GlmMap: Info:     Attribute: 0
GlmMap: Info:       Attribute value: INDIANAPOLIS
GlmMap: Info:     Attribute: 1
GlmMap: Info:       Attribute value: 700807
GlmMap: Info:     Attribute: 2
GlmMap: Info:       Attribute value: IN

The output includes attributes of the selected city defined in the GVF file: a city name, its population and the state code.

The FORMAT parameter may be changed to text/xml to generate XML output.

3.2 Tools and Utilities

The GLG Map Server provides the following utilities:

What follows are the command line options required to operate each of these utilities. The same executable is used, and the first option defines the mode.

Converting GVF ASCII and BINARY Files

Synopsis

GlmMap [-arg-file] -convert [-verbosity N] [-progress N] [options]

Description

The -convert option is used to convert GVF files between ASCII and BINARY formats. The ASCII format is cross-platform, but it is slower since the numerical data has to be converted from the string to internal native representation. The BINARY format is faster, but will not allow sharing data between machines with different architectures.

Options

The following command line options are available for the GVF conversion utility.

-convert

If used as the first command line argument, will invoke the GVF ASCII/BINARY conversion utility. What follows is a description of subsequent command line options.

-a

Saves the converted GVF file in the ASCII format.

-b

Saves the converted GVF file in the BINARY format.

-path <directory>

Specifies the top-level directory with GVF files to be converted. All subdirectories of this directory will be traversed, making it easy to convert directory-based hierarchical datasets containing large number of files, as well as all GVF files in the map data directory.

-pattern <file_name_pattern>

Specifies GVF filenames to be converted, may use the "*" and "?" wild cards. If the pattern does not use wildcards, the directory and all its subdirectories are traversed and all files with a specified file name are converted. If the pattern contains the wild cards, all files matching the pattern in the directory and all its subdirectories are converted.

The files are converted in-place and the converted file is saved back into the original file, replacing it. It is recommended to backup the directory before running the conversion utility.

Examples

The following command converts all GVF files in the directory and all its subdirectories to BINARY GVF format:

GlmMap -convert -b -path /usr/local/map_data -pattern \*.gvf

The `*' wildcard is escaped to pass it unchanged and prevent the shell from expanding it. It is not needed on Windows.

Merging Vector Data Files

Synopsis

GlmMap [-arg-file] -merge [-verbosity N] [-progress N] [options] files

Description

The -merge option is used to merge several vector data files into one GVF file that contains vector features from all merged files.

Options

The following command line options are available for the merge utility.

-merge

If used as the first command line argument, will invoke the GVF ASCII/BINARY conversion utility. What follows is a description of subsequent command line options.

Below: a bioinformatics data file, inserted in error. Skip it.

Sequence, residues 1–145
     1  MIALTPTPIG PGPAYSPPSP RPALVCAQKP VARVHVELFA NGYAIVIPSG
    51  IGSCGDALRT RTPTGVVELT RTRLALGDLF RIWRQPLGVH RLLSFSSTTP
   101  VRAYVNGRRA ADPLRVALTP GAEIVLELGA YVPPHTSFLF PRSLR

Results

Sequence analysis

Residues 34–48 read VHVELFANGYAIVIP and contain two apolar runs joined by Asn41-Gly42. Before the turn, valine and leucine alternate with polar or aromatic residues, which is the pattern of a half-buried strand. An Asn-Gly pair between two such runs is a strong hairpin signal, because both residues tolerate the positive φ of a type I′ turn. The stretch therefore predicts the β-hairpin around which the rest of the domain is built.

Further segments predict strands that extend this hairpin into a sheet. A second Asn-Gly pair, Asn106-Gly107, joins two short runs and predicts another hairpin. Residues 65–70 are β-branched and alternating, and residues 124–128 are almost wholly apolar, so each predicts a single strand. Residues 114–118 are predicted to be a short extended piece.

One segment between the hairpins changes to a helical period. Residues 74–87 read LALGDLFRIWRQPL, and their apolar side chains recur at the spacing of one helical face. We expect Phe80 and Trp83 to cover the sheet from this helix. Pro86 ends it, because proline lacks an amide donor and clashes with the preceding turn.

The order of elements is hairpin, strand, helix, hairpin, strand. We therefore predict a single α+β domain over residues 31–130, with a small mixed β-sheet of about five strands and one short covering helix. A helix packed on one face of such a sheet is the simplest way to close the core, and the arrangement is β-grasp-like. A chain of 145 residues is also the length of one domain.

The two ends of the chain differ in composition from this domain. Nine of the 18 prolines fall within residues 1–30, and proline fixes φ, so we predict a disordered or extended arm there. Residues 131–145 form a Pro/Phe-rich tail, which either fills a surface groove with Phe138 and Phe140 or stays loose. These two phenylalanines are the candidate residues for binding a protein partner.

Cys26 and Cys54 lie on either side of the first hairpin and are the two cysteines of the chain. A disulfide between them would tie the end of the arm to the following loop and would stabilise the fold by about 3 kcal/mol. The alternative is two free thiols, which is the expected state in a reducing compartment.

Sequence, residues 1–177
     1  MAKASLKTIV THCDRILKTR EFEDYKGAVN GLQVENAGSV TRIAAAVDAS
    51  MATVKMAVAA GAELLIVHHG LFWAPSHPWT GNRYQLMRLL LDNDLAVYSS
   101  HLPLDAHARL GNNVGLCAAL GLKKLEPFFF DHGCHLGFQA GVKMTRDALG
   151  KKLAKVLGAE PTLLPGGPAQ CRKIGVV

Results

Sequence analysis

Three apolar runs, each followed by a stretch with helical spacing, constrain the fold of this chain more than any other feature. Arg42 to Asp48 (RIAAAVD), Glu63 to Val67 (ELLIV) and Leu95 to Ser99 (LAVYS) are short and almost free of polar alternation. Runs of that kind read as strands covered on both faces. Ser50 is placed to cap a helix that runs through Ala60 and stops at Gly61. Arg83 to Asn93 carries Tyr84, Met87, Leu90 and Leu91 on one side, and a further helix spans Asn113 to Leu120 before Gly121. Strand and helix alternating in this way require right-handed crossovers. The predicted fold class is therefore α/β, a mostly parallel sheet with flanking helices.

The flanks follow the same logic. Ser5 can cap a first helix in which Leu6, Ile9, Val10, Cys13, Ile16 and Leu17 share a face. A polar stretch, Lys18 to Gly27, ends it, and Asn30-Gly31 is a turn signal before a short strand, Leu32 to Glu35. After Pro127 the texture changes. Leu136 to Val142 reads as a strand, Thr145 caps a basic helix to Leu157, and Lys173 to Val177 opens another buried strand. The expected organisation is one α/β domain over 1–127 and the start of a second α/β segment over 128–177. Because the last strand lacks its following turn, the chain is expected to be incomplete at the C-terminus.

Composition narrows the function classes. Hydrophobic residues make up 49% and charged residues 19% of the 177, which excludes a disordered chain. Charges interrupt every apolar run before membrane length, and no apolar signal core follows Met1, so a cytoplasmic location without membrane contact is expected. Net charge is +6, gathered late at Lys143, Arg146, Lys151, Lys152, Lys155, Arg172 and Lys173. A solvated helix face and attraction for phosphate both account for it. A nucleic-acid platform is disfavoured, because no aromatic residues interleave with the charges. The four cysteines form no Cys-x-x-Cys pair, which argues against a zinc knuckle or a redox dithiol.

-output <file>

Specified the output file for the merged data. The output data are written in the Map Server's GVF format.

-filter <file>

Defines the path of an executable file which contains an optional filter to convert vector data from a custom format to the Map Server's GVF format. Examples of filters and a guide to writing them can be found in GVF Filters and Data Converters on page 141.

-a

Saves the merged GVF file in the ASCII format.

-b

Saves the merged GVF file in the BINARY format.

Examples

The following merges all GVF files in the current directory and writes the result into the merged.gvf file:

GlmMap -merge -output merged.gvf *.gvf

Bounding Box Extraction Utility

Synopsis

GlmMap [-arg-file] -gvf-info [-verbosity N] [-progress N] files

Description

The -gvf-info option is used to display the bounding box of all vector features in each of the specified GVF files. The bounding box information may be used for specifying the MIN LAT, MAX LAT, MIN LON and MAX LON LIF parameters for layers that use square tiles.

Examples

The following displays bounding boxes of all GVF files in the current directory:

GlmMap -gvf-info *.gvf

Tiling Utility for Image and Vector Data

Synopsis

GlmMap [-arg-file] -tile [-verbosity N] [-progress N] [options]

Description

The -tile option is used for splitting a large high resolution image or vector data file into a number of smaller rectangular tiles for more efficient operation. When the layer is rendered, only the tiles visible in the current map request will be loaded, instead of loading the whole multi-megabyte image or vector file.

In the image mode, -elevation option may be used to tile elevation data. In the vector mode, one of the -pos-range, -neg-range or -no-range options must be specified to define the mode for handling the wrap-around of longitude values. It is used for handling lines that cross the wold boundaries, such as the line extending from lon=359 degrees to lon=361 degrees.

Options

The following command line options are available for the tiling utility.

-tile

If used as the first command line argument, will invoke the image tiling utility.

-image

Specifies the image tiling mode.

-vector

Specifies the vector data tiling mode.

-filename <file>

Specifies the location of the image or vector data file to tile. The image must be either in the JPEG or TIF file formats. The vector data must be in the GVF or shapefile format, unless the -filter option is used to convert the data.

-template <string>

Defines the template to use for outputted tiles. The template must contain two "%" signs to be replaced by numbers representing the horizontal and vertical index of the tile. For example, the first tile, given the template newimage_%_%.jpg will become newimage_0_0.jpg. In the image tiling mode, the format of the generated tiles will be determined by the template's extension or, if it's missing, the extension of the filename parameter. In the vector data tiling mode, the output data files will be written in the GVF format.